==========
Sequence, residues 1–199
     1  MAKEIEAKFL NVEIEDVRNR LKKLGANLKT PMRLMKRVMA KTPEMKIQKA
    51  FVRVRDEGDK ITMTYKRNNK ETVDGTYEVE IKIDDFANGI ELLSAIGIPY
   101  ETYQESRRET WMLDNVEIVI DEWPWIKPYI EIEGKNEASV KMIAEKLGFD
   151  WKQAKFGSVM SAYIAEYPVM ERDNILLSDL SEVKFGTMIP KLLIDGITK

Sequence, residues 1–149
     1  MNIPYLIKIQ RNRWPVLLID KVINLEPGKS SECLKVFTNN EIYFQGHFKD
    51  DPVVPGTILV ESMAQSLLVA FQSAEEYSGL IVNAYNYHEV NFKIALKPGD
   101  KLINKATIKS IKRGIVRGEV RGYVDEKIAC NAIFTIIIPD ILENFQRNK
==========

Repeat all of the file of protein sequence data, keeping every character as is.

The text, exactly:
Sequence, residues 1–199
     1  MAKEIEAKFL NVEIEDVRNR LKKLGANLKT PMRLMKRVMA KTPEMKIQKA
    51  FVRVRDEGDK ITMTYKRNNK ETVDGTYEVE IKIDDFANGI ELLSAIGIPY
   101  ETYQESRRET WMLDNVEIVI DEWPWIKPYI EIEGKNEASV KMIAEKLGFD
   151  WKQAKFGSVM SAYIAEYPVM ERDNILLSDL SEVKFGTMIP KLLIDGITK

Sequence, residues 1–149
     1  MNIPYLIKIQ RNRWPVLLID KVINLEPGKS SECLKVFTNN EIYFQGHFKD
    51  DPVVPGTILV ESMAQSLLVA FQSAEEYSGL IVNAYNYHEV NFKIALKPGD
   101  KLINKATIKS IKRGIVRGEV RGYVDEKIAC NAIFTIIIPD ILENFQRNK